It has taken me a lifetime to understand the relationship between these two.
The first time I recall experiencing profound grief was in my 30s, when a dear friend moved away. The physical heartache I felt was new, and I wasn’t really sure what to call it. I ached for her company, not realizing I was grieving the loss of her presence in my life.
When my father died, I was in my 30s. The physical ache was almost unbearable, and I lacked the words to explain it to my three young children. There was an unfillable void in my life, and I wasn’t yet sure how to process it. My faith brought me comfort, but I still wandered through the physical feelings. It was the first time I understood the meaning of ‘heartache.’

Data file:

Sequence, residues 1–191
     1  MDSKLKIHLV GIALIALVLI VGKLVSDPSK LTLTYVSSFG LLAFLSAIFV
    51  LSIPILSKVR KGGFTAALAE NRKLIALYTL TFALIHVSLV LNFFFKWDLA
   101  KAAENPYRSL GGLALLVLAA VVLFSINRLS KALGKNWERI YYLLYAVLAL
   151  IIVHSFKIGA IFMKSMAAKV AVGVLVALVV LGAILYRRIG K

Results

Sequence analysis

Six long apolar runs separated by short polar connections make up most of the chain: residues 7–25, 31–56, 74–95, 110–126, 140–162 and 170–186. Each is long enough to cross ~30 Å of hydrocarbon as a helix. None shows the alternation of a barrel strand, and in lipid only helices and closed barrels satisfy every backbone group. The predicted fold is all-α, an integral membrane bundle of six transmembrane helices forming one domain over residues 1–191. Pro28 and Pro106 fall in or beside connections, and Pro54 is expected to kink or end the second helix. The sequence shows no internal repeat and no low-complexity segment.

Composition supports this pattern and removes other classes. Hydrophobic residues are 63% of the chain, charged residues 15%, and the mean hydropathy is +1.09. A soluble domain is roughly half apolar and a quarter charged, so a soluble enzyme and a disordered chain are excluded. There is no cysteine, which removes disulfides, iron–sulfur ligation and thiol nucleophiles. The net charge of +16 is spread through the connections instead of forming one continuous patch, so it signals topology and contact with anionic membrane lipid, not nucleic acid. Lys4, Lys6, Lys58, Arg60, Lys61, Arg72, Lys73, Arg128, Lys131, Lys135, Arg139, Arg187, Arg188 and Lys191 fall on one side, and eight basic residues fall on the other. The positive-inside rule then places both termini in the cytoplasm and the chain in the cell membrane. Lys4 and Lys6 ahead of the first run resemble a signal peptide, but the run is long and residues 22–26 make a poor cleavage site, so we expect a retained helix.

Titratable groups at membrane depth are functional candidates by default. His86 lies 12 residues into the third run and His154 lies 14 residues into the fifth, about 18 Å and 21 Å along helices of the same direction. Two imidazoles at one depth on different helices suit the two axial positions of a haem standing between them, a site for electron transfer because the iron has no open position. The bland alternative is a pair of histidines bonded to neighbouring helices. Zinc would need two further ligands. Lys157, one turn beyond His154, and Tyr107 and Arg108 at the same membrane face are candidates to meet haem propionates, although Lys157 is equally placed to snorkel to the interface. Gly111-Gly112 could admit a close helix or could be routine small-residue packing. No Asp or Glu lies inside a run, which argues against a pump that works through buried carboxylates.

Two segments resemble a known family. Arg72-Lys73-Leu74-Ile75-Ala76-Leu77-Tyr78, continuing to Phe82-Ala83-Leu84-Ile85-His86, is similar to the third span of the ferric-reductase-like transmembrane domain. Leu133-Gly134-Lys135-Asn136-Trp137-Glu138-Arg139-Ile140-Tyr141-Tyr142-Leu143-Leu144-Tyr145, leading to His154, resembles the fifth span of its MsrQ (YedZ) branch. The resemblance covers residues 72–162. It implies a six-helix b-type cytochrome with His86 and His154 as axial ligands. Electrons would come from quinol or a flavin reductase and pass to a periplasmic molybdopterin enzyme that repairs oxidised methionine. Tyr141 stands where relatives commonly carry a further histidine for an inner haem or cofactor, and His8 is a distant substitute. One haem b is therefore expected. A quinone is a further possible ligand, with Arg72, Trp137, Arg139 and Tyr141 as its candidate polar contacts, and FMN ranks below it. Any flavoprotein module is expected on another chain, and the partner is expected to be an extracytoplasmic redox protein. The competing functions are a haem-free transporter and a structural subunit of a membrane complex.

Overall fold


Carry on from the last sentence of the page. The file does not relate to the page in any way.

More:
Years later I lost my mother, and the pain returned in a more profound way. I don’t need to explain that pain to anyone who has lost their mother, and I can’t explain it to anyone who hasn’t. I muddled through the stages of mourning in a bit of a fog, accepting each one without really understanding it.
But it was when my husband was deployed for a year with the military that I gained the needed perspective on love and grief. One of my boys was crying because he missed his dad. I started to cry, too, and soon the four of us were huddled together, crying and comforting simultaneously. I remember the words clearly because they changed me. I commented that there are some families who wouldn’t be sad if their dad went away for a year. “Aren’t we lucky that we love each other so much that it hurts when we’re apart.”
For the first time I understood that the pain I had experienced before was grief.
It was then that I realized that love and grief are felt in equal measure.
Since that day I embrace grief. I am grateful that my life is so rich and full of love that the loss of something or someone hurts.
I remind myself that there are people who don’t feel that.
And I let the tears fall.